Smith predicts Munguia-Ryder winner and targets Benn, Eubank and Brook

Liam Smith will be an interested observer on Saturday when former opponent Jaime Munguia takes on compatriot John Ryder.

Smith fought Munguia back in 2018, losing a decision in Las Vegas, and the 27-year-old Mexican has since moved to 42-0 with 33 stoppage wins. 

“You know, obviously, I will be rooting for John, and fingers crossed, I hope John wins,” said Smith. “He is a nice lad who I speak to and is also a British kid. 

“[But] I think John has to change rather than Munguia having to change, and what I mean by that is that John has to improve his output to go with Munguia, I don’t think Munguia does.

“I know John may be the more natural 168 out of the two, but Munguia won’t be small by any means. I know John is short and compact and is solid at 168, but Munguia will still look like a 168 in the ring, although he is only coming up from 160. I think John might be tough enough to stand the power of Munguia but will he be able to go with the momentum and the punches which Munguia throws is questionable for me.”

So Liverpool’s Smith, 33-4-1 (20KOs), reckons activity and punch volume will be key, and while he is pulling for the Brit, his head says Munguia will win. 

“If you gave me a million pounds and I could keep the winnings, who would I be betting on? I’m betting on Munguia,” Smith explained. “I fancy Munguia just by his output and I’ve always liked him for that reason. Rounds one, two, three, four, he just lets them go. He gives no fucks if he has 10 rounds left or seven or eight rounds left, he just throws. Even in four, five and six and he is tired, he still lets the punches go and doesn't take a round off.” 

There is speculation that Munguia could be a future foe for Canelo Alvarez, who Smith has also fought, but Smith does not think the Mexican hope is the next best thing based on what he experienced several years ago.

“Is Munguia the truth?” Smith asked rhetorically. “No, to be honest. Maybe I have to share a ring with him again, sparring or fighting. When I fought him, I thought he was very novicey. Fitness and momentum beat me on that night. Not so much fitness, I was his fifth fight in a year while I had not boxed for 12 months. I pulled out of the Sadam Ali fight and he [Munguia] stepped in to fight him obviously. He fought in February, April and stepped in for me in May [against Ali] and fought me in July, so he had a lot of fights and a lot of momentum, good momentum. I had none. 

“It was the only fight ever that I have been looking at the ring cards from round four onwards. I just felt tired after four, it probably was one out of a few fights that I had a proper good start in if that makes sense. I’m usually a slow starter getting into a fight, that one started well but I just couldn't go with him when he went through the gears. But I don’t know if he is the truth. He is very likeable and honest. No one knows how talented he really is.”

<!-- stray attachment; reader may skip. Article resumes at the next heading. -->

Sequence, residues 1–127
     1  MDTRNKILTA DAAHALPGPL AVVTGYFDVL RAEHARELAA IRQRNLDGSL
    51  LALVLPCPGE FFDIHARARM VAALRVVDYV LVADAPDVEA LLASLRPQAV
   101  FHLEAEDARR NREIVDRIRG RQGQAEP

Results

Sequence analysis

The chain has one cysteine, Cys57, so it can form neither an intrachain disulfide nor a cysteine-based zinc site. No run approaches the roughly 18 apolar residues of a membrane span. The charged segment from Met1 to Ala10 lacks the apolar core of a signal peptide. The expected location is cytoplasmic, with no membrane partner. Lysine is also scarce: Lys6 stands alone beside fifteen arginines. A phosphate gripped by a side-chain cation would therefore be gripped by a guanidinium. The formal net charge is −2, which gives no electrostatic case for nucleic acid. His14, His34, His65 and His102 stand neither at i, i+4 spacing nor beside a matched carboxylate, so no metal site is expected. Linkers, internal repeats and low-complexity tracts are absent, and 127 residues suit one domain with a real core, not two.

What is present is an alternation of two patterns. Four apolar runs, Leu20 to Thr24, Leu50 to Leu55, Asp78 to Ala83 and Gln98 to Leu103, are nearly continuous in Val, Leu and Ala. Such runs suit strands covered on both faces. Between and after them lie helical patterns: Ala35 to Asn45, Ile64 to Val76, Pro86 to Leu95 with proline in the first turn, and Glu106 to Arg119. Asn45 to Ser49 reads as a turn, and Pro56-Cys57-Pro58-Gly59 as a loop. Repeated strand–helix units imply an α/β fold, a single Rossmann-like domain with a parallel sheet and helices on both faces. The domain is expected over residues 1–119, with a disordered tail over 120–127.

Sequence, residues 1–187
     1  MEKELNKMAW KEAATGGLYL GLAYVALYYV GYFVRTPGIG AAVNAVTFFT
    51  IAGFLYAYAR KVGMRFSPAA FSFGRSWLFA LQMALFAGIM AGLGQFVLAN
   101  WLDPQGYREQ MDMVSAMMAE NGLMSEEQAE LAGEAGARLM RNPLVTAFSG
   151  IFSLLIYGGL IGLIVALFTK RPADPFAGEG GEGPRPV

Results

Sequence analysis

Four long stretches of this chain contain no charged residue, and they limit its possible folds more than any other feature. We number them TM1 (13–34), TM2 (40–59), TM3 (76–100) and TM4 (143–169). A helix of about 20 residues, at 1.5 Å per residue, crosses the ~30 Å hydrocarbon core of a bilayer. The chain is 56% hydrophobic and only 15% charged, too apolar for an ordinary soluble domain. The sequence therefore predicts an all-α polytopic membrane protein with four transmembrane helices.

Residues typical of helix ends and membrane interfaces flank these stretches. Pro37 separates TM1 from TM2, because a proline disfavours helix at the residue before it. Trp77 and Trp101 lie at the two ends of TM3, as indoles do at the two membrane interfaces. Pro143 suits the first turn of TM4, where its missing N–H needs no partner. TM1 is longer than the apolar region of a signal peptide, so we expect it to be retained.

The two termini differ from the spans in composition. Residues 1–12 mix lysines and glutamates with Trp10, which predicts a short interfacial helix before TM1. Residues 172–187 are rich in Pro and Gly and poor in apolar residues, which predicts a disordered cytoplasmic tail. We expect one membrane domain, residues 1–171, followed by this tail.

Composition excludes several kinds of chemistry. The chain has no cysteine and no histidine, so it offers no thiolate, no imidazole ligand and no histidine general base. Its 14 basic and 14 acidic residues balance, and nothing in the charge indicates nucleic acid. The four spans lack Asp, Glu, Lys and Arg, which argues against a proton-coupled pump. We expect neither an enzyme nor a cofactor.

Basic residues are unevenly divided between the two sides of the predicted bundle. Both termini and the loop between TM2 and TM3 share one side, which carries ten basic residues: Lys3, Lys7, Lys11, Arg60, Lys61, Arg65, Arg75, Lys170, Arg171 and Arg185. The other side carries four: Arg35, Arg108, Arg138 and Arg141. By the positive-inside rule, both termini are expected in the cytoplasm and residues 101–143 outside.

Golden Boy have talked about Canelo and Munguia, but Smith reckons “it’s interesting, but Canelo is miles, miles, miles ahead of him in IQ.” 

Smith, who held a world title at 154, is staying at 160lbs moving forwards. He has not boxed since Chris Eubank defeated him in their rematch last September, and while he would be open to a trilogy fight with Eubank, he wants big names. 

“I’m looking towards a date in April and whatever fights anyone can produce for me I can have a look at and think about,” the 35-year-old added. “I have had a few interesting offers but none which I wanted or thought, get me back in the gym for. 

“I would ideally want the Eubank third fight, but if not Chris, I would want Conor [Benn], Kell Brook, or one of the other big names across The Pond, they put you in line for a world title. I know it’s hard for people not to look at the last fight. I don’t pay attention to it [against Eubank] because I know what went wrong, I know what happened and I know the reasons behind it. 

“I didn’t become a finished fighter or an old fighter in the space of six months with no fights in between. In January last year, I was the best middleweight in the world, but in September, I was basically being told I should retire. It doesn't make sense to me.

“I know what went wrong, I know the issues behind it but if I had a good camp, was in great shape and I boxed like that against Chris Eubank Jr, I would have retired in the ring. 

“I'm going to stay at 160. As I said, I basically had a lay-off right up until Christmas from September. The minute I got out of the ring [against Eubank], I just let my body heal. I had a very, very, very bad injury that was just non-fixable other than rest or surgery. Then obviously, I got a grade two tear on the bone in my ankle in the fight. So I have just let my body heal naturally.”